• Ami says:

    all this makes me want to become a veterinarian just so I can volunteer my time to spay and neuter animals that would otherwise go without being fixed. What we really need is federal funding for animal shelters to spay and neuter animals when they recieve them.

  • Pamela Coburn says:

    I have been a cat foster mom for a local humane group for the past two years and I also help at our spay/neuter clinics weekly. I see so many people who love their animals who haven’t been able to afford to spay/neuter and our local shelter has no low cost program to help the community. The many local humane groups do what they can but it’s never enough and there are very few veterinarians that step up to help. I think if we could get more Veterinarians and Technicians to volunteer even once or twice a year we could do so much more. We also need more people to foster we can only save those animals we have fosters for.

  • Tina Max says:

    I agree with Patty, the federal/state/city/town governments need to be more financially supportive of shelters. Even when times are good, most funds need to be raised by volunteers, and there is only so much money that can be raised by this process. Government wastes sooo much money on trivial matters and perkes, when these funds could be used by the shelters. I think we need to apply more pressure. Currently we are in a bad economic situation, but again, even when times were good, a pittance if that, was geared toward the homeless animal shelters. I say get them to donate funds and then at least more of the animals could remain alive.

  • Jan says:

    Dearr Scott,
    Your points are very salient and need to be addressed as vigorously as we pursue ant-factory farming efforts. Breeding is little more than factory farming for companion animals.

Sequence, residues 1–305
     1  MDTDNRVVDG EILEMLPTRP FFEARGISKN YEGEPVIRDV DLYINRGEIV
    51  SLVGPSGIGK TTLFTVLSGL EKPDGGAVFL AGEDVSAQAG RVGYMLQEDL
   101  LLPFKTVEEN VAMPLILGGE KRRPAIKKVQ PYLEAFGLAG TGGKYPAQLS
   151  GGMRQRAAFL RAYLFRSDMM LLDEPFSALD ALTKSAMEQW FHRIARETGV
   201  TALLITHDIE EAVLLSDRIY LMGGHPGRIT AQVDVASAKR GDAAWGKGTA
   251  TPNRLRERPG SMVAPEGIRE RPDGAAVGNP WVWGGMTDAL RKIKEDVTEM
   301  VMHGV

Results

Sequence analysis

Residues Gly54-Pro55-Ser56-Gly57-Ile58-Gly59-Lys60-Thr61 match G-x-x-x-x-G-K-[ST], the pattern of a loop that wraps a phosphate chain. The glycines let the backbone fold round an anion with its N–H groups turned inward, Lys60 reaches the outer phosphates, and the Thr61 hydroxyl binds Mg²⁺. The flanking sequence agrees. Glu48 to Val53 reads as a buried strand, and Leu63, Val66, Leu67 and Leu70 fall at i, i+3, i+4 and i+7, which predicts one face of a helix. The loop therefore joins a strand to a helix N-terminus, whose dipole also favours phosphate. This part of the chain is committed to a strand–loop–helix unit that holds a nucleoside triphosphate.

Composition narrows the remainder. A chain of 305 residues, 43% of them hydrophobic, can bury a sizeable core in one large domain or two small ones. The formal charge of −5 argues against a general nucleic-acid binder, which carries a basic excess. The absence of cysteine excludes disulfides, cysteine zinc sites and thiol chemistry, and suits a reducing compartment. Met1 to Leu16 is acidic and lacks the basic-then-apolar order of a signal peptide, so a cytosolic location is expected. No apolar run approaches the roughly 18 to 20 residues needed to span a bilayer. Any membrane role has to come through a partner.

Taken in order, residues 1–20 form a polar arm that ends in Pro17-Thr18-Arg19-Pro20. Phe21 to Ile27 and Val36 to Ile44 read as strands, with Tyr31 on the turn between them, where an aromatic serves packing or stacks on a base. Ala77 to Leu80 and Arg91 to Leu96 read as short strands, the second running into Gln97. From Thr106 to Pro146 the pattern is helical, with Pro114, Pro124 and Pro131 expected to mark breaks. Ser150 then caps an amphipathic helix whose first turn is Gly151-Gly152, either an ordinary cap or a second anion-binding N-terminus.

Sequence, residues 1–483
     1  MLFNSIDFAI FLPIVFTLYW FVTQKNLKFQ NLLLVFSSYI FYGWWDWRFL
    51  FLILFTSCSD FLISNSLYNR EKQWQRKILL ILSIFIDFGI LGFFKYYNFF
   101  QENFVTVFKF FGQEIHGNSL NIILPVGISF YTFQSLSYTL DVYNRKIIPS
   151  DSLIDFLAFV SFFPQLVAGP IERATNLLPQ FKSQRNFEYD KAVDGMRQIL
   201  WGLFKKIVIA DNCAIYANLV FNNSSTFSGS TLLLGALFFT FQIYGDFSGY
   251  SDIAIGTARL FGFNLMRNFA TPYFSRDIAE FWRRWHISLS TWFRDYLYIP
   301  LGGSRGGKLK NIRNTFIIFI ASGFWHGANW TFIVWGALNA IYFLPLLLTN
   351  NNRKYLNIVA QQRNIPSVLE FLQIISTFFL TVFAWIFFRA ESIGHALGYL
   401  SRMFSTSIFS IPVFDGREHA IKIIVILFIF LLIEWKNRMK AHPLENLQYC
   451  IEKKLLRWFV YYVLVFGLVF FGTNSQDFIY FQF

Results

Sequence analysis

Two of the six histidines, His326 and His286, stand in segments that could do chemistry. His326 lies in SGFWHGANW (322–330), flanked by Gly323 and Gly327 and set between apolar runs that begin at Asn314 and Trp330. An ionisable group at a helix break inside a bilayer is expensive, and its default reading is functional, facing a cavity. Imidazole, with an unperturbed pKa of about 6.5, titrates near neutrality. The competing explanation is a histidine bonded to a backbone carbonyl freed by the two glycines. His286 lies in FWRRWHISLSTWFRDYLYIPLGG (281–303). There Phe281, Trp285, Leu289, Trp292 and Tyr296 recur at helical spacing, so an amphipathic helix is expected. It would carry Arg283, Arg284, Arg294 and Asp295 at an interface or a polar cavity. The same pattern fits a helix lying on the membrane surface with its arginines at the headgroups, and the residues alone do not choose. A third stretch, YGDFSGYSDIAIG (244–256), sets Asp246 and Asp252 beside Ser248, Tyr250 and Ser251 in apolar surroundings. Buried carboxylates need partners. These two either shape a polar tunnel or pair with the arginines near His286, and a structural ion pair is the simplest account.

I see the spay and neuter programs and a moratorium on pet stores and breeders as the only sane and effective solution to control the end product of animal overpopulations, suffering, and abandonment. Breeding is particularly heinous as it is a deliberate act of profiteering on the backs of animlas who ultimately suffer as result of overpopulation. Breeders are monsters that promote breeds as better than a naturally interbred dog. Remind us of any theories on the ” superior race”?

  • Sheila says:

    Unfortunately, prominent people such as Vice-President Elect Biden chose to buy a dog from a breeder. This, of course , sets a bad example for our country. Hopefully, President Obama will not make the same mistake.

  • Anna Chott says:

    I’ve volunteered at an animal shelter for years, and I find that most of the situations of our cats and dogs are the opposite of some mentioned above. Many of the cats (and maybe dogs too, but I mostly work with the cats) come in with fleas, sores, bad temperaments, and so on. And with veterinary care and the attention of the staff and volunteers, they always improve drastically.
    There was one cat in particular, named Daniel, who came in covered in fleas and scabs from scratching the fleas. He spent weeks hiding under the bed in his cage, not coming out except to eat and drink. And now he gets along perfectly with the other cats and is one of the sweetest cats ever!